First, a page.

"The decision to bomb the office of the radical Jew lawyer was reached with relative ease." So begins Grisham's legal leviathan The Chamber
, a 676-page tome that scrutinizes the death penalty and all of its nuances--from racially motivated murder to the cruel and unusual effects of a malfunctioning gas chamber.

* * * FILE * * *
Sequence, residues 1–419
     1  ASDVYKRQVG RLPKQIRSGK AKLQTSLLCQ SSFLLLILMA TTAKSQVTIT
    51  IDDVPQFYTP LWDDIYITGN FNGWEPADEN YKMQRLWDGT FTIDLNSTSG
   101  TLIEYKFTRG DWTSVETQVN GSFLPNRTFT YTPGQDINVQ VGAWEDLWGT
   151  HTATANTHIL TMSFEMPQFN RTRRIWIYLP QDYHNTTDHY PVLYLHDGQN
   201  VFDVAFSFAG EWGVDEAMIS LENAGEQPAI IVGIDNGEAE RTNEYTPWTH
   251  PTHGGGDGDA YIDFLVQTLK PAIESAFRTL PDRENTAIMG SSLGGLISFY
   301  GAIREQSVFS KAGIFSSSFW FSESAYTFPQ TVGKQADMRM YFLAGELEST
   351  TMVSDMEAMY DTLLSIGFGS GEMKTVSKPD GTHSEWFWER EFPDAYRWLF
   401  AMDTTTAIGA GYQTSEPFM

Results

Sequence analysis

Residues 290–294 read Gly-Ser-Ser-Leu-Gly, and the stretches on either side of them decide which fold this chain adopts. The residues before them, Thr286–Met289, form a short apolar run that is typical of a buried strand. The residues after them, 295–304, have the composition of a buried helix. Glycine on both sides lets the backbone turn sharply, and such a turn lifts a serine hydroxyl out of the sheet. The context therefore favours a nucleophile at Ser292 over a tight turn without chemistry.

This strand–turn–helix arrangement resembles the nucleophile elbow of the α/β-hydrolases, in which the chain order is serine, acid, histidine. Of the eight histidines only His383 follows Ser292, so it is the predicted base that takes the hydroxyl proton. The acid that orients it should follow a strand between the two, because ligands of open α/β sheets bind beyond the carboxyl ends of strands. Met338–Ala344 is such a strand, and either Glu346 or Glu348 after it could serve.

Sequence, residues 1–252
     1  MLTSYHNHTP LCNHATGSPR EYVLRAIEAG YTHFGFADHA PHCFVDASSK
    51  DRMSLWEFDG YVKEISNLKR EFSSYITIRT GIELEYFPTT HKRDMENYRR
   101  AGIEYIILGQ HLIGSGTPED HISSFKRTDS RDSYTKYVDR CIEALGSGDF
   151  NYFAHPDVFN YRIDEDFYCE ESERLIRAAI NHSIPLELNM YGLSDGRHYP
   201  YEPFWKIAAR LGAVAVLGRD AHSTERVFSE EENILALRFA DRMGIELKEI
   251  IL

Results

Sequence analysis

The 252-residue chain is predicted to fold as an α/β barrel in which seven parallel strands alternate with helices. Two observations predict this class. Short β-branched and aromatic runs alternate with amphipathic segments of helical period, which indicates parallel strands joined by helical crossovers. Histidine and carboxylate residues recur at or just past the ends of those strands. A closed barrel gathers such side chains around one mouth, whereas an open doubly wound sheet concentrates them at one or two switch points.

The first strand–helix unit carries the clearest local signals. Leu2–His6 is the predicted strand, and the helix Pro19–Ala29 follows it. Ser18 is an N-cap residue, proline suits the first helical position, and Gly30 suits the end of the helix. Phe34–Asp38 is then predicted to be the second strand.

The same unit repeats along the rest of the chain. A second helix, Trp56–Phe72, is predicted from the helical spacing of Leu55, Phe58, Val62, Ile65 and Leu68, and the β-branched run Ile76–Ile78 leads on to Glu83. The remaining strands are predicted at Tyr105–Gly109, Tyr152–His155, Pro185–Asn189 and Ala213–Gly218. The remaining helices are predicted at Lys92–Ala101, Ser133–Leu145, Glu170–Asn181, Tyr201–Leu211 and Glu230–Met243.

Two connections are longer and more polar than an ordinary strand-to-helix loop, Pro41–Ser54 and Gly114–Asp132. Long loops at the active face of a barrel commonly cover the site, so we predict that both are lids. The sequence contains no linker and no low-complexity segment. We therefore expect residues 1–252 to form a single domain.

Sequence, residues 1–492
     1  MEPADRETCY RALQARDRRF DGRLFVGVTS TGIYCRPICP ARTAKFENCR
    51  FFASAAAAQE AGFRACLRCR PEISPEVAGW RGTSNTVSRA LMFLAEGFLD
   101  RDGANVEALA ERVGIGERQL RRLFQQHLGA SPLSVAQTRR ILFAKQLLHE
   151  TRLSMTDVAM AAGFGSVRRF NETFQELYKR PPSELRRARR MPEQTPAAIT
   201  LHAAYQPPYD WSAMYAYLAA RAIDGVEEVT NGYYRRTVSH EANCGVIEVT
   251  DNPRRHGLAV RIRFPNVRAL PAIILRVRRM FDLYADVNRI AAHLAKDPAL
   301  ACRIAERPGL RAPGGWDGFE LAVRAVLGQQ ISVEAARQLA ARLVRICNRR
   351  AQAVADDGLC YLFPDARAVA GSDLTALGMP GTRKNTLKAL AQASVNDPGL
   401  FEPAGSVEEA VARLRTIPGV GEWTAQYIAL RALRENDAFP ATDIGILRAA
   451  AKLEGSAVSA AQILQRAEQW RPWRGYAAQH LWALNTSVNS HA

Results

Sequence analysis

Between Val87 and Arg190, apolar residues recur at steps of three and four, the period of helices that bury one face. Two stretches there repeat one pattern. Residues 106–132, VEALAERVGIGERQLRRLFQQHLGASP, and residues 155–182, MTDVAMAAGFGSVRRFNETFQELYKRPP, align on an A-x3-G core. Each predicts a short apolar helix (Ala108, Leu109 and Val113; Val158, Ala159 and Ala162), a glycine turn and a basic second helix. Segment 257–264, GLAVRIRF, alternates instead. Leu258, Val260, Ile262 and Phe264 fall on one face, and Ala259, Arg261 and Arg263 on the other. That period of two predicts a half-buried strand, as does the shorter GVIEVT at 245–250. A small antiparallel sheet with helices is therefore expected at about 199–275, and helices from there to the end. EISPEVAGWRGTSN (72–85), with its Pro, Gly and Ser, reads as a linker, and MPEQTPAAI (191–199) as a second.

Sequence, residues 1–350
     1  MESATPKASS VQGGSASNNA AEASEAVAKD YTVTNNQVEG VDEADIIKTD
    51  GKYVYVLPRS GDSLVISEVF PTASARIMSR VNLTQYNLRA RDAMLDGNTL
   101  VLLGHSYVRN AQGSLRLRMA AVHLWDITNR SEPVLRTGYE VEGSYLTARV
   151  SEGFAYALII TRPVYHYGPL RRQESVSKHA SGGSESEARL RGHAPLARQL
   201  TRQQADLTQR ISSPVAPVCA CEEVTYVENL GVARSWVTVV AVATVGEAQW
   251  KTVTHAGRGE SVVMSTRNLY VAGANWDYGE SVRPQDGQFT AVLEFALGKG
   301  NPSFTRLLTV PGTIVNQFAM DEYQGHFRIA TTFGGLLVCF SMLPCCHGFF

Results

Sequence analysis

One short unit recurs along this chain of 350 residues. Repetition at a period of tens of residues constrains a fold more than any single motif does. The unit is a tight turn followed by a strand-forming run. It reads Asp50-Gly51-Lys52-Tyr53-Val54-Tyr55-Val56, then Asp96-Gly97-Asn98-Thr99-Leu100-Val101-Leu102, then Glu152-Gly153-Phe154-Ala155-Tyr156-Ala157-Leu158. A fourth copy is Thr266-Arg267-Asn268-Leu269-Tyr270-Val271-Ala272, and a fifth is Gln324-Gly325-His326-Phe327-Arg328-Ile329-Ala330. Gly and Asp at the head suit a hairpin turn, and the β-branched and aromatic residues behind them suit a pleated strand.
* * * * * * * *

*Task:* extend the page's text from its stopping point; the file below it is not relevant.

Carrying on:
Adam Hall is a 26-year-old attorney, fresh out of law school and working at the best firm in Chicago. He might have been humming Timbuk 3's big hit, "The Future's So Bright, I Gotta Wear Shades," if it wasn't for his psychotic Southern grandfather, Sam Cayhall. Cayhall, a card-carrying member of the KKK, is on death row for killing two men. Knowing his uncle will surely die without his legal expertise, Hall comes to the rescue and puts his dazzling career at stake, while digging up a barnyard of skeletons from his family's past. Grisham fans expecting the typical action-packed plot should ready themselves for a slower pace, well-fleshed-out characters, and heavy doses of sentimentalism.